Pregnant women urged against Florida travel after Zika alert

Pregnant women urged against Florida travel after Zika alert
This 2006 file photo shows a female Aedes aegypti mosquito in the process of acquiring a blood meal from a human host. The Aedes aegypti mosquito is behind the large outbreaks of Zika virus in Latin America and the Caribbean. Picture: AP

Pregnant women are being advised to postpone non-essential trips to Florida because of the Zika virus.

Public health authorities updated their travel advice after the first cases of Zika transmitted by mosquitoes on the US mainland appeared in the state.

The risk in the state on the south-east coast of the United States is classed as moderate, while many countries in South America, including Olympic host Brazil, is high.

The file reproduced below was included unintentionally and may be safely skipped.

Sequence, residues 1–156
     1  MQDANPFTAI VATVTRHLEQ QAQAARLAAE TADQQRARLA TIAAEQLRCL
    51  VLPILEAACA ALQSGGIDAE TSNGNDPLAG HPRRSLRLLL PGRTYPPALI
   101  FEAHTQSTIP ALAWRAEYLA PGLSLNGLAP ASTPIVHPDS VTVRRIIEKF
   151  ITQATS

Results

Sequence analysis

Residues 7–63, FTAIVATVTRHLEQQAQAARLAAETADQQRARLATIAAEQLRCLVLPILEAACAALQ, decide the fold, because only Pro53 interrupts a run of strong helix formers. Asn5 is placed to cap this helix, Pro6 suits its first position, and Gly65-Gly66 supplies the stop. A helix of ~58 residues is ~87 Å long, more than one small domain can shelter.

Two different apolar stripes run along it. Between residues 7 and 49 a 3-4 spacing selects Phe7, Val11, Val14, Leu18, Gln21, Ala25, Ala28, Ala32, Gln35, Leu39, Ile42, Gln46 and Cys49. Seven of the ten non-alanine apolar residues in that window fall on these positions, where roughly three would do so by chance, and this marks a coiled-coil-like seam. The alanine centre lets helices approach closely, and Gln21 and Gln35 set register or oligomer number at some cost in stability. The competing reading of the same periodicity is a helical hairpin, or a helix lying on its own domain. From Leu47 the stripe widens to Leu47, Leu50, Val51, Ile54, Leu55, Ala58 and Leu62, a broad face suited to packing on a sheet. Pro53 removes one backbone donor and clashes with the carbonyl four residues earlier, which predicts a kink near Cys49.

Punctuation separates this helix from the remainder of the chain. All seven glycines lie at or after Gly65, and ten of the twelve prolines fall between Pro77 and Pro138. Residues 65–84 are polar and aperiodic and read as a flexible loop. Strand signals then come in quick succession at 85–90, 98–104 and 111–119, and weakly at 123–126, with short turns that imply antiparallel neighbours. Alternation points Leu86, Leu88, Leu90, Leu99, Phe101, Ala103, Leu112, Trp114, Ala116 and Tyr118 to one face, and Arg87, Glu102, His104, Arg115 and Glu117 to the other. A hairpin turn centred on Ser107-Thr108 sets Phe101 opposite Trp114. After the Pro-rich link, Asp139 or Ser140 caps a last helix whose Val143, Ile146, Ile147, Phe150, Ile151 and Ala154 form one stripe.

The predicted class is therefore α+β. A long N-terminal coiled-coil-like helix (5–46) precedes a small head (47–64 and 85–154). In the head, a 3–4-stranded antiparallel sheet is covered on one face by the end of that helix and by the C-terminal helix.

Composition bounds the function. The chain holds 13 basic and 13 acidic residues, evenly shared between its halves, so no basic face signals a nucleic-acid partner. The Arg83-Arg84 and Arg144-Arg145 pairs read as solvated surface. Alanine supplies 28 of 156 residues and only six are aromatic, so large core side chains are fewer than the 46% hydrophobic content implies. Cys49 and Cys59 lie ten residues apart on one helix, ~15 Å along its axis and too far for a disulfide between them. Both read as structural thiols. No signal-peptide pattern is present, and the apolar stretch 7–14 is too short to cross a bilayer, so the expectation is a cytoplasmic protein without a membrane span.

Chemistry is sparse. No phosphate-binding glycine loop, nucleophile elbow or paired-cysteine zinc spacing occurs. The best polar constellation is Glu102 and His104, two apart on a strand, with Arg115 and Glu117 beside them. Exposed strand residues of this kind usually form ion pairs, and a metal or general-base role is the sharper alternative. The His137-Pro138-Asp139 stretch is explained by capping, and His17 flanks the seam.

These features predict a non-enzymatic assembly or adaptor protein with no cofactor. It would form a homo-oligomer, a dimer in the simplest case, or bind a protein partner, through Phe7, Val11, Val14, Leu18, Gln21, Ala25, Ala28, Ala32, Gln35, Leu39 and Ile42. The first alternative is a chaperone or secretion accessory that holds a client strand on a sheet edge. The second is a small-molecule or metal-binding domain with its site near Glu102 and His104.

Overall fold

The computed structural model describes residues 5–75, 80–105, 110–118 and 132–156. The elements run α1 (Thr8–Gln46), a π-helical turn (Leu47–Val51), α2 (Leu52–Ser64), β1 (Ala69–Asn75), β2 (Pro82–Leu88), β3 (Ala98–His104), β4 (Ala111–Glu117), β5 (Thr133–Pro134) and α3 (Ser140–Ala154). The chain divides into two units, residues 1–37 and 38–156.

The Zika virus has been associated with a birth defect called microcephaly, which results in children being born with abnormally small heads and brain damage.

More than 1,650 Zika infections have been reported in the US, but four patients in Florida have tested positive for the virus and appear to be the first not linked to travel outside the US mainland.

A zone of about one square mile in Miami-Dade County is considered at risk of active transmission.

Governor of Florida Rick Scott said they were taking the development seriously, the US Department of Health was testing people in the affected area to watch for other cases of the virus.

He added no mosquito traps from the area had yet tested positive for the Zika virus.

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